Applications of the Dixon technique in the evaluation of the musculoskeletal system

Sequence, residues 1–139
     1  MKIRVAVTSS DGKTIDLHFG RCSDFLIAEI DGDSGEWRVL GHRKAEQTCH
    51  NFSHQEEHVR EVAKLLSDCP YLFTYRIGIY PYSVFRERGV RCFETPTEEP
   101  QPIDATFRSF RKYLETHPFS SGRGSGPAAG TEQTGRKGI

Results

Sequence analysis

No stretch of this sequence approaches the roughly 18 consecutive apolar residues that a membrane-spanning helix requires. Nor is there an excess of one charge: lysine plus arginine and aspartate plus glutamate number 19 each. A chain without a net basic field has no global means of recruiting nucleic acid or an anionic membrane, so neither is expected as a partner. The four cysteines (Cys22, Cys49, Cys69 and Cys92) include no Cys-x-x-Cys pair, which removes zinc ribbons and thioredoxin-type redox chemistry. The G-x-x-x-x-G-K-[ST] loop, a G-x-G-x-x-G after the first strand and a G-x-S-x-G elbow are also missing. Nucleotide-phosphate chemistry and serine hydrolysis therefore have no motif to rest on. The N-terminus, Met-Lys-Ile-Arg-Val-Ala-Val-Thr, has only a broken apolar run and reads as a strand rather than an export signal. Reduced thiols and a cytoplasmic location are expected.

Abstract The acquisition of images with suppression of the fat signal is very useful in clinical practice and can be achieved in a variety of sequences. The Dixon technique, unlike other fat suppression techniques, allows the signal of fat to be suppressed in the postprocessing rather than during acquisition, as well as allowing the visualization of maps showing the distribution of water and fat. This review of the Dixon technique aims to illustrate the basic physical principles, to compare the technique with other magnetic resonance imaging sequences for fat suppression or fat quantification, and to describe its applications in the study of diseases of the musculoskeletal system. Many variants of the Dixon technique have been developed, providing more consistent separation of the fat and water signals, as well as allowing correction for many confounding factors. It allows homogeneous fat suppression, being able to be acquired in combination with several other sequences, as well as with different weightings. The technique also makes it possible to obtain images with and without fat suppression from a single acquisition. In addition, the Dixon technique can be used as a quantitative method, allowing the proportion of tissue fat to be determined, and, in more updated versions, can quantify tissue iron.